Ohio v. Environmental Protection Agency


Should the Supreme Court stay implementation of the EPA’s “Good Neighbor Plan,” a federal default implementation plan for emissions reduction, after that organization disapproved of the emissions reductions plans of twenty-three different states and attempted to implement their own federal plan?

Oral argument: 
February 21, 2024

This challenge to administrative action by numerous states, including Ohio (“Ohio et al.”) asks the Court to determine whether a stay of enforcement of the Environmental Protection Agency (“EPA”) default emissions regulations, named the “Good Neighbor Provision,” is appropriate, pending review of the legality of the EPA’s action under the Clean Air Act (CAA). Ohio et al. maintain that they are requesting a stay, which should be approved when considering the irreparable harm to state parties as a result of the implementation of the federal-default rule. Meanwhile, the EPA claims Ohio et al. are actually requesting an injunction, which should only be granted in exceptional circumstances. Ohio et al. further argue that the agency’s disapproval of their state-level implementation plans was an “arbitrary and capricious” action because the EPA failed to consider that state courts would limit the applicability of the federal-implementation plan, leading to a less effective rule. The EPA counters that its consideration of the “reasonableness” of the plan was adequate at the time of its initial promulgation and that it was not required to consider subsequent legal action. The outcome of this case has significant implications regarding the transition to greener energy, specifically related to economic costs, and the success of environmental goals.

Questions as Framed for the Court by the Parties 

(1) Whether the court should stay the Environmental Protection Agency’s federal emission reductions rule, the Good Neighbor Plan; and (2) whether the emissions controls imposed by the rule are reasonable regardless of the number of states subject to the rule.


Under the Clean Air Act (“CAA”), states are required to submit a plan that provides for the “implementation, maintenance, and enforcement” of ambient air quality standards consistent with those promulgated by the Environmental Protection Agency (“EPA”). 42 U.S.C. § 7410(a)(1). These standards are promulgated pursuant to congressional findings that pollution is often a regional problem that transcends state borders and that requires cooperation among federal, regional, state, and local officials. Id. In accordance with these shared responsibilities, the scheme “gives each State the initial opportunity to submit a plan that will achieve compliance with” EPA requirements. Brief for Respondent, United States Environmental Protection Agency (“EPA”) at 1−2. If the state fails to complete their obligations, the EPA must put forward their own plan, which is known as “the Good Neighbor Provision.” Id. at 2.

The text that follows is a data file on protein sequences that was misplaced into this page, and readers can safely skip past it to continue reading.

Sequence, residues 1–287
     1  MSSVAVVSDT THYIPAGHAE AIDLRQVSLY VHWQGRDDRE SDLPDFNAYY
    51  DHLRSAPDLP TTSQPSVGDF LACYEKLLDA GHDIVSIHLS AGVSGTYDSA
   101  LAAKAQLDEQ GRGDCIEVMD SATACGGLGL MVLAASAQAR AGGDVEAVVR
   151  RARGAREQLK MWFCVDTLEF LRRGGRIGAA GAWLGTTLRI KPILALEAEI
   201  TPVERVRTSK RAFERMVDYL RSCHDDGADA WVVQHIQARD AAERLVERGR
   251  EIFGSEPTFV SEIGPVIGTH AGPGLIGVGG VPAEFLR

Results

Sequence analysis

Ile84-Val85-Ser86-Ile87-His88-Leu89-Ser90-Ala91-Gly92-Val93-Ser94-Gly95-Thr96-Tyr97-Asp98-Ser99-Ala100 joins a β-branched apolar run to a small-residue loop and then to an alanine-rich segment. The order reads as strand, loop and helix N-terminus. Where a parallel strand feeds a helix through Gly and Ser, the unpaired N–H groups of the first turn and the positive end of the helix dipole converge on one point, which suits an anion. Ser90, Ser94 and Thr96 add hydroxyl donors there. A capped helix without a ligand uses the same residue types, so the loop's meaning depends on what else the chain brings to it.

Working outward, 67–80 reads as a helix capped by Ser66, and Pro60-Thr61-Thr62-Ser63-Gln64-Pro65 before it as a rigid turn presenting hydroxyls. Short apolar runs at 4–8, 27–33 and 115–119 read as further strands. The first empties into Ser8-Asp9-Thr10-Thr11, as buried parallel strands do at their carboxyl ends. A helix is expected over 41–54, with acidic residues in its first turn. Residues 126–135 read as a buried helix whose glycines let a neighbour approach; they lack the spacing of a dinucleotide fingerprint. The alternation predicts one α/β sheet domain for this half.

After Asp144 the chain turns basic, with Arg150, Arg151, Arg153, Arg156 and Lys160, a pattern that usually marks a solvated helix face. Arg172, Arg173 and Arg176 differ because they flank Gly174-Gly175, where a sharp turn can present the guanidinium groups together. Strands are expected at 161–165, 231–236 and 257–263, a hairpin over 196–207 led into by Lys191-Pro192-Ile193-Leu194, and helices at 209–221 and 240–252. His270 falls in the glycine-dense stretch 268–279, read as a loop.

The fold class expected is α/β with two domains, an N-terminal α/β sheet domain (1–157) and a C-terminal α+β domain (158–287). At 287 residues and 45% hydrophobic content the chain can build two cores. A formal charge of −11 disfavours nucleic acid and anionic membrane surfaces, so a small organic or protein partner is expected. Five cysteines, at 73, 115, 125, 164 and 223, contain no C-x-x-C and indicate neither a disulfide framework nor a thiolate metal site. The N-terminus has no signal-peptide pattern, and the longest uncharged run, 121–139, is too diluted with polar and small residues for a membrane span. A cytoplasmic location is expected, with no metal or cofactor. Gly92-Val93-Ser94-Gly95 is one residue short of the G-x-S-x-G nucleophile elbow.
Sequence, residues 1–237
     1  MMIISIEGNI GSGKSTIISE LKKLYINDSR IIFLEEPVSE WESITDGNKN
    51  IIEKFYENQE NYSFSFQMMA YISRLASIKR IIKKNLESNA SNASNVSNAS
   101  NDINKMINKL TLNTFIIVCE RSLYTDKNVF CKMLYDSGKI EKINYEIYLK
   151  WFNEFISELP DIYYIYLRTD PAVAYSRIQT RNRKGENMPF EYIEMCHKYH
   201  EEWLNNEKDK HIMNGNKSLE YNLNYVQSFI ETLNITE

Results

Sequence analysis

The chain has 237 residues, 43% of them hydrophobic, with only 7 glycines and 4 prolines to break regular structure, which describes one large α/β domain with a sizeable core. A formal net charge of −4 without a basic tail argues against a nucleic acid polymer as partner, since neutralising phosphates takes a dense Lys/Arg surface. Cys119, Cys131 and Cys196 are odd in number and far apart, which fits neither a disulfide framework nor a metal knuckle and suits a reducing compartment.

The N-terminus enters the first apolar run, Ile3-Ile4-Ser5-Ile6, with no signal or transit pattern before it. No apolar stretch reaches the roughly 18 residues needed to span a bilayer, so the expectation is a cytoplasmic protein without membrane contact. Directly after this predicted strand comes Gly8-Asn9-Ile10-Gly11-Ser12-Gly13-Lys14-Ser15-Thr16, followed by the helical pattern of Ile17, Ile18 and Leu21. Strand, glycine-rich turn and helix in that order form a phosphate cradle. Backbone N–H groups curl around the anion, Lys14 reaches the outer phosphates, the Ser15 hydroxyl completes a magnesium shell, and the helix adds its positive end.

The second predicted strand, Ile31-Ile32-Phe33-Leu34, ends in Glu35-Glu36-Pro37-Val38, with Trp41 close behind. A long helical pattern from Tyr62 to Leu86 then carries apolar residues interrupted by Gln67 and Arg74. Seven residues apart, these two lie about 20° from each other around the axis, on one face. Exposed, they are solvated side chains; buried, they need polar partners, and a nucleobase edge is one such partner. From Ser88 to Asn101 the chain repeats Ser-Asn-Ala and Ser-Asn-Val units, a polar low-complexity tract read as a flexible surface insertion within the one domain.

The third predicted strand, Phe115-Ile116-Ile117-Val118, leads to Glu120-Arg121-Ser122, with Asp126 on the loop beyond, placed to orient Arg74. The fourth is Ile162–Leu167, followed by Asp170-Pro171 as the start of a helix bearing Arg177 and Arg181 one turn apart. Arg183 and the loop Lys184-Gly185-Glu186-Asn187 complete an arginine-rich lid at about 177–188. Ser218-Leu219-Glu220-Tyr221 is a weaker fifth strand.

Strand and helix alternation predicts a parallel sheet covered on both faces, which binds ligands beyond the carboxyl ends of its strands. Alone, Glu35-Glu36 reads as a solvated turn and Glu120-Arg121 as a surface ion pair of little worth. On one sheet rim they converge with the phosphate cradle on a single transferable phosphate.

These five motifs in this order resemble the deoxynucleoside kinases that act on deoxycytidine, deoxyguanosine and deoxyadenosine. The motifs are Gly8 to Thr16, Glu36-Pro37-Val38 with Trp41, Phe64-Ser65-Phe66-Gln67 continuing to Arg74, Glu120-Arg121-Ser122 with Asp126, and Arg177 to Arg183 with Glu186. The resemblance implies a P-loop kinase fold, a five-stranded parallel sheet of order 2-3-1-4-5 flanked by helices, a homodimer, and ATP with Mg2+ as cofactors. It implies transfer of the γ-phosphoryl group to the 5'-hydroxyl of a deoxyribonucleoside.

In February 2022, the EPA proposed the Federal ‘Good Neighbor Plan’ for the 2015 Ozone National Ambient Air Quality Standards (“NAAAQS”) which affected 26 states. Good Neighbor Plan for 2015 Ozone National Ambient Air Quality Standards (“NAAQS”). The plan has the goal of ensuring the 2015 Ozone National Ambient Air Quality Standards were maintained, by enforcing requirements for industrial sources of power within 26 states. Id. Specifically, sources of pollution in upwind states reduce pollution in order to limit the impact upon downwind states. Brief for Respondent at 1. Under the “Good Neighbor Plan,” states have an initial opportunity to submit a plan to the EPA that will follow NAAAQS guidelines. Id. However, after a state fails to do so, the EPA must promulgate a federal rule to address the NAAAQS guideline. Id. In February 2023, the EPA found that 23 states had failed to submit an adequate plan under NAAAQS and decided to promulgate their own plan for an emissions-control program. Id. at 2. After being submitted to public Notice and Comment, the rule was finalized and published on June 6, 2023. Good Neighbor Plan for 2015 Ozone National Ambient Air Quality Standards (“NAAQS”). Ultimately, the Rule applied to 23 upwind states; however, after a series of appeals filed across the United States, the relevant regional courts have stayed the rejection of 12 state plans while separate litigation takes place. Brief of State Applicants’ Emergency Application for a Stay of Administrative Action, Ohio et al. at 16. In compliance to these stays, the EPA issued two interim final rules temporarily exempting those 12 states from of the Plan. 88 Fed. Reg. 49295 (July 21, 2023); 88 Fed. Reg. 67102 (Sept. 29, 2023).

Three states and several industry stakeholders have filed petitions for review in the D.C. Circuit challenging the Rule as arbitrary and capricious under the Administrative Procedure Act. Brief of State Applicants’ Emergency Application for a Stay of Administrative Action, at 2. These three states have sought a stay of the plan’s implementation pending the disposition of their petitions for review. Id. The D.C. Circuit denied their stay. Id at 13. Accordingly, those three states and industry stakeholders have requested an Emergency Stay from the United States Supreme Court. Id. at 2.